Lawmakers offer bill to protect Native products

By:  Scott Turner

U.S. Sen. Martin Heinrich has heard the stories about people passing off agriculture products as Native American made.

Now he, U.S. Rep. Ben Ray Luján and other lawmakers want to find out how widespread the activity is.

“I’ve been working on this issue for five years now,” Heinrich told the Journal. “Tesuque Pueblo was the first group to approach me about this. They have harvest seed that’s been around thousands of years. It’s only selectively bred in the Southwest.”

To protect the seed and other products, he, Luján and other members of Congress have introduced the Native American Seeds Protection Act of 2019 to identify ways to protect Native American seeds and traditional food products, and assist tribes in ensuring that cultural practices and traditional ways of life are preserved.

The legislation would direct the Government Accountability Office to study applicable trademark and intellectual property laws, the long-term viability of Native American seeds, and provide recommendations on how to ensure such seeds and traditional foods may be protected for future generations. This bill would also assess the impact of foods and seeds fraudulently marketed as traditional to or produced by Native Americans.

“After this is done, we’ll go from there,” Heinrich said, indicating more legislation could be coming to protect the products.

“I’ve also talked to members of the Navajo Nation about this,” the senator said. “Navajo squash is another product this would protect. Somebody could develop a hybrid squash and say it’s Native produced.”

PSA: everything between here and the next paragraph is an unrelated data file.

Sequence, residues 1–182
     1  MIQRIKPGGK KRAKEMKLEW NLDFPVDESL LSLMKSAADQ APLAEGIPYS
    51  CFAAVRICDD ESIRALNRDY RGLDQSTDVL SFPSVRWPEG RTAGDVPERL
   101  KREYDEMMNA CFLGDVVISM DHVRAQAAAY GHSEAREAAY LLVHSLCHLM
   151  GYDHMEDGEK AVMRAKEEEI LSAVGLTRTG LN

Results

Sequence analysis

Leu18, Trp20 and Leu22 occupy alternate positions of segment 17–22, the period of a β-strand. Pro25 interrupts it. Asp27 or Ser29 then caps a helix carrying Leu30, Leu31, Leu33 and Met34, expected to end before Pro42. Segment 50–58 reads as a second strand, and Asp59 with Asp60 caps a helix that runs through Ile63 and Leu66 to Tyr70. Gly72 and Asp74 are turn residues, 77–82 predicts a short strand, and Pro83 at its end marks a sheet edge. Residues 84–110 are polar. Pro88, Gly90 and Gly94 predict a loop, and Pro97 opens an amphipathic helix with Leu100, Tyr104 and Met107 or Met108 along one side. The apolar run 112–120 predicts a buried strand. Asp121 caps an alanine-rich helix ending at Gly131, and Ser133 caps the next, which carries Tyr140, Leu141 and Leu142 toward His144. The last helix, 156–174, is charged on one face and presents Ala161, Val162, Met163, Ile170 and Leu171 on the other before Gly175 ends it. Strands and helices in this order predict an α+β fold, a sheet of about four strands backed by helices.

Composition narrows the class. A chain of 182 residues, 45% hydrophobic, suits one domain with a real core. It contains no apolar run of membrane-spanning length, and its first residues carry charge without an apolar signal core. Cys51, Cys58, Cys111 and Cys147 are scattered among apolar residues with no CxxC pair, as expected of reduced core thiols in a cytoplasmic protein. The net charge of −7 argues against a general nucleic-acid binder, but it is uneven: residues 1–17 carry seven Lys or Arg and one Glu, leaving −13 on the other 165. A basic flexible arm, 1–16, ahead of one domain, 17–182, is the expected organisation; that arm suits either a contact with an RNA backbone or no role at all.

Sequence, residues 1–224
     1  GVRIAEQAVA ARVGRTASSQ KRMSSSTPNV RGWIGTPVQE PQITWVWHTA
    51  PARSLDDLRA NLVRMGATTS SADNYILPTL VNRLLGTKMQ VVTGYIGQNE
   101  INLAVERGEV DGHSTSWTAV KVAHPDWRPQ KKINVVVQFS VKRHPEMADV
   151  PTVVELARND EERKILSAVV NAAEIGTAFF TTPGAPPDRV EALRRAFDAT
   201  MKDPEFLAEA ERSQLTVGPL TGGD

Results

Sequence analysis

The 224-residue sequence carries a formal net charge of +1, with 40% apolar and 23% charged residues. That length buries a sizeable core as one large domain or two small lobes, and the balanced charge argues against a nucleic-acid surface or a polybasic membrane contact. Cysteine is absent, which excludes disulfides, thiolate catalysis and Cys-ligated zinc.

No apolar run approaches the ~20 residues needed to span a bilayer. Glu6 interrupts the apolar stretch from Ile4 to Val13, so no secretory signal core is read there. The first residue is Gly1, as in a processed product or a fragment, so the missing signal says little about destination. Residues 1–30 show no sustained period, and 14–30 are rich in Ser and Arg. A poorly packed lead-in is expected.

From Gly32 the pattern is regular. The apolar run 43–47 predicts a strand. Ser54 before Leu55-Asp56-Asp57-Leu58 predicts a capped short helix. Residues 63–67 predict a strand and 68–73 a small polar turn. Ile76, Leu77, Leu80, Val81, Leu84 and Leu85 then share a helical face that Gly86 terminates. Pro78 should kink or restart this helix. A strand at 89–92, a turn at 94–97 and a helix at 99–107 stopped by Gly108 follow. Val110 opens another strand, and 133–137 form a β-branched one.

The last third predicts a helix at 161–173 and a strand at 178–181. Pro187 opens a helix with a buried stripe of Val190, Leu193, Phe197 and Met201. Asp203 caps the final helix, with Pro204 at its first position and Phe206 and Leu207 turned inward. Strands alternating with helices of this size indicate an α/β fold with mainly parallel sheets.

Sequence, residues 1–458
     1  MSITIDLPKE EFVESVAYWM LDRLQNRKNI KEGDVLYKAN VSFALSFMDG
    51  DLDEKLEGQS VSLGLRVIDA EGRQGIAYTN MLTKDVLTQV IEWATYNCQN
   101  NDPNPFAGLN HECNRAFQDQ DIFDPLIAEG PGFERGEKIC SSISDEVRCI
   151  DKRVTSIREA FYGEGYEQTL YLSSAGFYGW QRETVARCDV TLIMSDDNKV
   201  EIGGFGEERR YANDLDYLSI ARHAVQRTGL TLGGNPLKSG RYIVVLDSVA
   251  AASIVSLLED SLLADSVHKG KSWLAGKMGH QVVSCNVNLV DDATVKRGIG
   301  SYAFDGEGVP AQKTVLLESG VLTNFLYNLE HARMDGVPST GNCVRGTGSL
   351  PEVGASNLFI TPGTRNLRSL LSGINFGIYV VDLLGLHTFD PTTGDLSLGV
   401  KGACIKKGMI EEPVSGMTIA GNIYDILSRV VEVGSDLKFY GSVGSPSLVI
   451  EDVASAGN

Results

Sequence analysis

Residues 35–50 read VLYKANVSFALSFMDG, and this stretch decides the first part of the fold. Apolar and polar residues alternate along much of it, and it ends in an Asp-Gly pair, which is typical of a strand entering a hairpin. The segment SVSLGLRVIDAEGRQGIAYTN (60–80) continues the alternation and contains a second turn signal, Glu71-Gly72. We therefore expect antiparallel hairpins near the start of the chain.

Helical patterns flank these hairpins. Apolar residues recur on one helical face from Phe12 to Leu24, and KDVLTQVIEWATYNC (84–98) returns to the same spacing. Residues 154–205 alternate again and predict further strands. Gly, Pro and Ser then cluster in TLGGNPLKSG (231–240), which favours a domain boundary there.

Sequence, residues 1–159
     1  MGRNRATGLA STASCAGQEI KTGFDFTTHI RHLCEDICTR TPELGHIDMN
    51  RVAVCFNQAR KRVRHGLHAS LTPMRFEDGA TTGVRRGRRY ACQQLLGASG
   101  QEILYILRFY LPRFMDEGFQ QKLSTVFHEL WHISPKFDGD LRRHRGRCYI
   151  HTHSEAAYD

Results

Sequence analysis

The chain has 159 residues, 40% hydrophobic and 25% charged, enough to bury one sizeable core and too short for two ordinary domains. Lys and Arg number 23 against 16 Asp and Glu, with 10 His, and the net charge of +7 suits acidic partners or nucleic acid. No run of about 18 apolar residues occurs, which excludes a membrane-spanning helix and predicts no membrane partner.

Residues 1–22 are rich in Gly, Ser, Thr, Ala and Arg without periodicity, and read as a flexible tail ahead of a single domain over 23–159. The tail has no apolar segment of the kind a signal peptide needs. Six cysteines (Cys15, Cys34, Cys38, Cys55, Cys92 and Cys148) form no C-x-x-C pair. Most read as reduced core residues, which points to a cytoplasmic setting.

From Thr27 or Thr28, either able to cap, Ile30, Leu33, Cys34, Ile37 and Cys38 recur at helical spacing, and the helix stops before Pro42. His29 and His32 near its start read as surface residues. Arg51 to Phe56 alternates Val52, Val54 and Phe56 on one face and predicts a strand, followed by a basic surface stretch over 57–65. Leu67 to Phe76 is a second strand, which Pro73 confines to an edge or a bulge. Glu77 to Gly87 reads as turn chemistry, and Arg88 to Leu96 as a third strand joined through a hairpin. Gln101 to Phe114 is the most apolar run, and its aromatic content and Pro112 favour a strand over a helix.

Navajo Nation President Jonathan Nez said in a release the nation had native seeds produced by Navajo farmers for use in traditional ceremonies and dishes.

Pueblo of Tesuque Gov. Milton Herrera said in a statement that the pueblo’s “seeds and traditional foods are foundations of our culture, and the study that this legislation authorizes will provide much-needed insight into how we can better protect them for future generations.”

He and Heinrich said the study could pave the way for economic opportunities in Indian Country.

“Protecting Native seeds and traditional food products will allow tribes to grow and create their own healthful food products and in turn spur economic development in Indian Country and provide new opportunities in the agriculture sector,” Heinrich said.

Luján said safeguarding Native American agricultural heritage “is a fight we cannot afford to lose.”

“For Tribal communities, protecting indigenous seed varieties is also a crucial exercise of tribes’ inherent sovereignty and the federal government’s trust responsibility,” he said in a release.